For all ranches in the 3 MLRAs, it appears that the ranch would have a positive return on investment for participating in the targeted grazing program. This assumes that the program would continue into the future so that the rancher can make herd adjustments. Note that the assumption that drought conditions would only affect whether the ranch could use the targeted grazing areas in spring and/or fall affects that decision. Researchers did not consider the effect of overall drought on BLM, Forest Service, or private rangelands on herd size or economics. The intent was to separate the effects of targeted grazing on BLM allotments with all else held constant. It is likely that if such severe droughts were occurring, adjustments to grazing on those forage sources would need to be made and model results would have been different. That consideration was outside of the scope of this project.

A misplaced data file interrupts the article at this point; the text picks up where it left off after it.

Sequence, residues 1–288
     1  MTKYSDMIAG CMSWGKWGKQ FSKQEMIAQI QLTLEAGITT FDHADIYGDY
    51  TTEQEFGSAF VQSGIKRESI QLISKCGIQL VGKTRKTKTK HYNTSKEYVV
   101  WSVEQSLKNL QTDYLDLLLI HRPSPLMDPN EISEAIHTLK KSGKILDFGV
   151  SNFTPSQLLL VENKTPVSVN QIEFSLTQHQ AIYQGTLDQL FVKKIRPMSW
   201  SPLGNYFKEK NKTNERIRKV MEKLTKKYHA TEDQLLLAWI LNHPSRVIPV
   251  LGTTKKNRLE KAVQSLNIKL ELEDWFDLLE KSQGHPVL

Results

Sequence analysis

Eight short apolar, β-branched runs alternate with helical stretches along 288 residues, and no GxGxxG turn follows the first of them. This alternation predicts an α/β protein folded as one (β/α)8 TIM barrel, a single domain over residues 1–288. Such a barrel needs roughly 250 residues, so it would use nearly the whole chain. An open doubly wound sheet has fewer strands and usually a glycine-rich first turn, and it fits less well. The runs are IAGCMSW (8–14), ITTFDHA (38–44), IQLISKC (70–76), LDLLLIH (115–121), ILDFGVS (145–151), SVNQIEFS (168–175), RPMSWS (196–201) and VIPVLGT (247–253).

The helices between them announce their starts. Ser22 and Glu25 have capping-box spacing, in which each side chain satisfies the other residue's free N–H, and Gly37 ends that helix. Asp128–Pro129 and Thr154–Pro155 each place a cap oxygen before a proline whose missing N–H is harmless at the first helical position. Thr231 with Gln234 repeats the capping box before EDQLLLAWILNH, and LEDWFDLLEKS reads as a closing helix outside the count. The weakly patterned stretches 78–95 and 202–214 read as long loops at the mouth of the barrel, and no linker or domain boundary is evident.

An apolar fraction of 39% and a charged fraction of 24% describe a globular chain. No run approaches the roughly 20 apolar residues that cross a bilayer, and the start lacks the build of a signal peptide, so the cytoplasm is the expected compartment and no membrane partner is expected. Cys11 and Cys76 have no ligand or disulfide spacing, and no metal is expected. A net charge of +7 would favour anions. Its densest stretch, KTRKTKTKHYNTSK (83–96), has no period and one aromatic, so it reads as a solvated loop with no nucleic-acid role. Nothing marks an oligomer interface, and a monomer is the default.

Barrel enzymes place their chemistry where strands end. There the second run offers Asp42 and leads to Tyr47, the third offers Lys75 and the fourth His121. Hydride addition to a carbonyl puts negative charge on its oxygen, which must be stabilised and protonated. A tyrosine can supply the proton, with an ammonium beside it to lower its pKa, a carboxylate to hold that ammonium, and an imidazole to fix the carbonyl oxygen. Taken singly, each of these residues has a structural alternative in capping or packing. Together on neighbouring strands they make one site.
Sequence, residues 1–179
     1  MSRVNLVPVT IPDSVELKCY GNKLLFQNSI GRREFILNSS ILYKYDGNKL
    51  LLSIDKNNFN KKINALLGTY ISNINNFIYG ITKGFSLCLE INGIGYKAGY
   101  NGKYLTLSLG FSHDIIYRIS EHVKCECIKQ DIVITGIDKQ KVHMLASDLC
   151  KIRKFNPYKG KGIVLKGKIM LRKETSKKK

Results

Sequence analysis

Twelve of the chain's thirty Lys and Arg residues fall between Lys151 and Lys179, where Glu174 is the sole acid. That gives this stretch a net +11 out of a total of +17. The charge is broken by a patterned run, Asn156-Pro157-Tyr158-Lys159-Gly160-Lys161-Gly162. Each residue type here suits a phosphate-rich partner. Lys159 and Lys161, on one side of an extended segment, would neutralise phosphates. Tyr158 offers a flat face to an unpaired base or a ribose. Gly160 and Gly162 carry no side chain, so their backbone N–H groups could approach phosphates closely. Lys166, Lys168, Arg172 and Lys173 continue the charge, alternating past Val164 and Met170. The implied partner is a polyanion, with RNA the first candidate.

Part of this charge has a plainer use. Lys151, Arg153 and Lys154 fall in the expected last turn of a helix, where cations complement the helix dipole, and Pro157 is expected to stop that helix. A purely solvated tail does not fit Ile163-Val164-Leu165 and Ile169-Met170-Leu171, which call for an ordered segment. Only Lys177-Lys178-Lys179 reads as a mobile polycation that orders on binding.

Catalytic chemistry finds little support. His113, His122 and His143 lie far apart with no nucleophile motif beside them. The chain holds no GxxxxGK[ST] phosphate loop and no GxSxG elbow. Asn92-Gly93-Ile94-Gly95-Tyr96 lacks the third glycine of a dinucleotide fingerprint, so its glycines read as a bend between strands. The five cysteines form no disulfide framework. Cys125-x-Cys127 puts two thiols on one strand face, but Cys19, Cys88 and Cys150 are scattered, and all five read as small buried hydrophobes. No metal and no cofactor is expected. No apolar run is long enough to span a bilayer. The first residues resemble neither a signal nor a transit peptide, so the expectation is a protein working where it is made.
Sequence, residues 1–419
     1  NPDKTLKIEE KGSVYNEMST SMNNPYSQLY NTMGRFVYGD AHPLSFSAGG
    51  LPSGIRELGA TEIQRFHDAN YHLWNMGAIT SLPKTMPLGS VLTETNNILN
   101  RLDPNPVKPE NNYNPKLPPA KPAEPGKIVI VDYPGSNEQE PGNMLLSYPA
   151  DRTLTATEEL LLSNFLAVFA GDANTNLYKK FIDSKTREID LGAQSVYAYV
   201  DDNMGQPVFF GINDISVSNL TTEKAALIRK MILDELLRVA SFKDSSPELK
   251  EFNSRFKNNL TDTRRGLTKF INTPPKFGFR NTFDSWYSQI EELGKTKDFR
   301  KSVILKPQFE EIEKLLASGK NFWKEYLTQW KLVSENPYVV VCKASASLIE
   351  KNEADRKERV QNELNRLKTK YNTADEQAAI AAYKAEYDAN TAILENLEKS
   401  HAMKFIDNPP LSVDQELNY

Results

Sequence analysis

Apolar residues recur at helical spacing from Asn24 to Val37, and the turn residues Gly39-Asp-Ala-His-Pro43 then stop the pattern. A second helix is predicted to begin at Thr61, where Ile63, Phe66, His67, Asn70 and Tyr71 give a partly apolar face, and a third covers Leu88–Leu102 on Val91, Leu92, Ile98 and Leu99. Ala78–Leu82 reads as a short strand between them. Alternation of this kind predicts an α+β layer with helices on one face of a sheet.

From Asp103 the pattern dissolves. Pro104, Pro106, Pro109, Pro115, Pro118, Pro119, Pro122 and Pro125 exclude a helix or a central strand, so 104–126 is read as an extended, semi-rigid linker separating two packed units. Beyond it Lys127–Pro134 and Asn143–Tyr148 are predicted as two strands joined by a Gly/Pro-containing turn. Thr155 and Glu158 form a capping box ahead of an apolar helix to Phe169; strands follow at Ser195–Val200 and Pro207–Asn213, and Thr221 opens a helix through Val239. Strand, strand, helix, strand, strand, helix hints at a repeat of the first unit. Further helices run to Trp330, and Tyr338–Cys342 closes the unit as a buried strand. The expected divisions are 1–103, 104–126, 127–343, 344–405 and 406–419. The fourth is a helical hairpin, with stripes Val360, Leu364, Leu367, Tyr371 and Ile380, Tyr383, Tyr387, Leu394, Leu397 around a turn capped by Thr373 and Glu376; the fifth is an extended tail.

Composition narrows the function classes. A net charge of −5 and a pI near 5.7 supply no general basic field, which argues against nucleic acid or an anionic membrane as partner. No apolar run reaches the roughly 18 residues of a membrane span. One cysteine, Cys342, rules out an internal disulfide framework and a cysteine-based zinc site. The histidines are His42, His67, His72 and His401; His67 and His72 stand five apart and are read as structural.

Based upon the 12 representative ranch types in the 3 MLRAs, researchers concluded that targeted grazing under the assumptions of the scenarios would be profitable for the ranchers to undertake. This requires a long-term commitment on the part of the BLM to continue the program, in this case for 40 years. The ranchers must be willing to adjust herd size based on the probability of drought and concomitant cheatgrass production. There are many other factors that a rancher would need to consider for herd size, but based solely on the targeted grazing scenarios presented, herd size is critical for profit maximization. The breakeven spring-only scenario indicates that the number of spring AUMs does not have to be significantly large for the ranch to break even. While it varies by ranch size and location, the breakeven number appears to be relatively small. Because researchers were working with assumed levels of AUMs for one month of early spring grazing, it was arbitrarily set as the whole cow herd moving to the BLM allotment one month early. The breakeven AUMs show that fewer animals could be moved for the ranch to make additional profit. If targeted grazing investments and annual operating and maintenance costs are larger than what we assumed, the breakeven number of additional AUMs will be higher. Using targeted grazing to create fuel breaks is but one tool in the arsenal to address large catastrophic wildfires. Methods such as manual, mechanical, and chemical treatments, and prescribed fire have been used in a variety of scenarios. Selecting the right tool for the environment is critical to address the problem. Finding cost-effective methods should be an important consideration. Savings to federal agencies from controlling large wildfires can be significant if the full suite of tools is used to restore or rehabilitate nonnative annual grass-dominated rangelands (BLM 2020b). What this study indicates for the types of ranches in the three MLRA’s is using cattle for targeted grazing and creating fuel breaks can be profitable for the ranch and cost the BLM relatively little.